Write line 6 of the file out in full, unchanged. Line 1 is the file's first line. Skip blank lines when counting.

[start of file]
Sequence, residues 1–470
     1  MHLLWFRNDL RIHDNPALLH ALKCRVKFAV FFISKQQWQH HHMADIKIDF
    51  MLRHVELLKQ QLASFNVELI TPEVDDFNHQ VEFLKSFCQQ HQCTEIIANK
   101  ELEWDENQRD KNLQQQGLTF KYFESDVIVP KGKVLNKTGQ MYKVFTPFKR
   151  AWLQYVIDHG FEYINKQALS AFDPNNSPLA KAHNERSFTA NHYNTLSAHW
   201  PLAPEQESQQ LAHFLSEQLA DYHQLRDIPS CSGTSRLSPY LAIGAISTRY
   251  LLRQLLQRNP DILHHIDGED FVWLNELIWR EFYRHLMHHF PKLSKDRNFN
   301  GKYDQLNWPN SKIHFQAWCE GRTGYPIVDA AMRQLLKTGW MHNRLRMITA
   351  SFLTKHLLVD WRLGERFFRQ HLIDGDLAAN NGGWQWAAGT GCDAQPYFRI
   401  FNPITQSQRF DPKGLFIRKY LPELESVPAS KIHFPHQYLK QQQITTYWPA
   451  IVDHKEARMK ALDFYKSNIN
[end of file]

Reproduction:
   201  PLAPEQESQQ LAHFLSEQLA DYHQLRDIPS CSGTSRLSPY LAIGAISTRY